When do you use parentheses when naming transition metal complexes?

Feb 12, 2016

There's no hard and fast rule; generally, for more complex ligands, like polydentates (chelating ligands), you would.

When there is more than one complex ligand (not tooth, but ligand), you put bis, tris, tetrakis, pentakis, etc. because it looks better than something like di(diethylenediamine) or di(dialkyldithiocarbamato). Use your best judgment.

Some examples and their formula abbreviations are:

• ethylenediamine (en) ~ bidentate (contributes $0$)

where the first ligand is a trans isomer, the second is a $\Lambda$ isomer, and the third is a $\Delta$ isomer. (Rotate the second isomer clockwise ${90}^{\circ}$ and the third isomer counterclockwise ${90}^{\circ}$ to get the standard orientation.)

In this case, since there are two ethylenediamines, but the ligand already has "di" in it (and is complex), we put "bis" because it sounds good.

• 1,10-phenanthroline (o-phen / phen) ~ bidentate (contributes $0$)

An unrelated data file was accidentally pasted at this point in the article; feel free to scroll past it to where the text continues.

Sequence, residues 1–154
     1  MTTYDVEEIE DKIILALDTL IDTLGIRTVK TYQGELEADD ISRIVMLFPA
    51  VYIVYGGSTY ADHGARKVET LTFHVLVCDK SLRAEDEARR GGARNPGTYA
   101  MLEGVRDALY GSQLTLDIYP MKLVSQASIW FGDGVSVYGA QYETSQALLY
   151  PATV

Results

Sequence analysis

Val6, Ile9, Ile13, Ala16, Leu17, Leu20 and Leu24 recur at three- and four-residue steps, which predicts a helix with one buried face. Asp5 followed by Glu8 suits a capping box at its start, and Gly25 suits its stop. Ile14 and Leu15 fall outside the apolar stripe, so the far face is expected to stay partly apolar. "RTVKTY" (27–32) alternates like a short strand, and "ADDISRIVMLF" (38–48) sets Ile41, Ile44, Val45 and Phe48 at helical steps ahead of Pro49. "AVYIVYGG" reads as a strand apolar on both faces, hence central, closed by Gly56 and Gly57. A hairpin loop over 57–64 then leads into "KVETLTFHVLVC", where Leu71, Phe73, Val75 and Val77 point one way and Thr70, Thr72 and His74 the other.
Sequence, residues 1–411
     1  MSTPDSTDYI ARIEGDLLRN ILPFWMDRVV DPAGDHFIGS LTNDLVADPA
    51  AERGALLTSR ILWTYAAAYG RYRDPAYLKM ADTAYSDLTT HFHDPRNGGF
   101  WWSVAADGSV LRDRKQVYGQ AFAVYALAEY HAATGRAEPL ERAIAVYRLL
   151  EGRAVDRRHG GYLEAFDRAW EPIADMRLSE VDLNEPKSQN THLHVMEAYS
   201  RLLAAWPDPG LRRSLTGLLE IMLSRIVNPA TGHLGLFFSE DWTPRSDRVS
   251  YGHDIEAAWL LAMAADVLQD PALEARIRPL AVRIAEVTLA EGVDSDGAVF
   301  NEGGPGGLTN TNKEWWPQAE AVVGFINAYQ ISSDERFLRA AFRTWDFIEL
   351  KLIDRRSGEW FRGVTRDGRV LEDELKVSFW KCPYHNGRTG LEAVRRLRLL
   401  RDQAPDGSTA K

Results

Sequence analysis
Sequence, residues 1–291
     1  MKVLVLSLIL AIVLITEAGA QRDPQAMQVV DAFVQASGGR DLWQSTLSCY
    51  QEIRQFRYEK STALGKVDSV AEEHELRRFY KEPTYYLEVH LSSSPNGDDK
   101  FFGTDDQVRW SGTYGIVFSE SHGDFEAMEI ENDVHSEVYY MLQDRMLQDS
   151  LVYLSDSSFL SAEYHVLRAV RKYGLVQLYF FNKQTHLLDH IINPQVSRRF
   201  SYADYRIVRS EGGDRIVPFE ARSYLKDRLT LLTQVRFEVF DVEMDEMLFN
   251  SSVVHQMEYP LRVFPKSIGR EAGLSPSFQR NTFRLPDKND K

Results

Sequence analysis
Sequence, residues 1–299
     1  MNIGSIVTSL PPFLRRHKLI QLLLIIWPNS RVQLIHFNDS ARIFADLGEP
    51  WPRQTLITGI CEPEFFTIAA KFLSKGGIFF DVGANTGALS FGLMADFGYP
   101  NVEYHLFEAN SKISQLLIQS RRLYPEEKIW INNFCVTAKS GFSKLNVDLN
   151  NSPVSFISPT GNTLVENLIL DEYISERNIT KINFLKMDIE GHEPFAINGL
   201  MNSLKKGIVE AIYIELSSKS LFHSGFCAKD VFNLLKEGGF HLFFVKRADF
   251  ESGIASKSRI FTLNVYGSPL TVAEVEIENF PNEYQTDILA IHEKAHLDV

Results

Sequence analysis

where the first structure is a trans isomer, the second is a $\Delta$ isomer, and the third is a $\Lambda$ isomer. (Flip the second two isomers upside-down to get the standard orientation.)

In this case, the name is just complex, and the ligand is bidentate, so we write "bis(o-phenanthroline)" in the name but ${\text{(o-phen)}}_{2}$ in the formula.

• dialkyldithiocarbamato (dtc) ~ bidentate (contributes $- 1$)

where the first structure is a trans isomer, the second is a $\Delta$ isomer, and the third is a $\Lambda$ isomer. (Flip the second two isomers upside-down to get the standard orientation.)

The ${\text{OH}}^{-}$ contributes a $\left(-\right)$ charge, and the $\text{dtc}$ contributes a total of $- 1 \times 2 = - 2$ charge, making the whole structure neutral. Obviously with two "di"s in the name, we should use "bis" instead of "di" to indicate two of them.

• oxalato (ox) ~ bidentate (binds via oxygens in an acetate resonance structure; contributes $- 2$)

where the first structure is a trans isomer, the second is a $\Delta$ isomer, and the third is a $\Lambda$ isomer. (Flip the second two isomers upside-down to get the standard orientation.)

Each oxalato ligand contributes $- 1$ per oxygen for a total of $- 4$, and the chlorine and fluorine contribute $- 1$ each, making the structure a $3 -$ charge. Since the charge is negative, we use "chromate(III)" instead of "chromium(III)".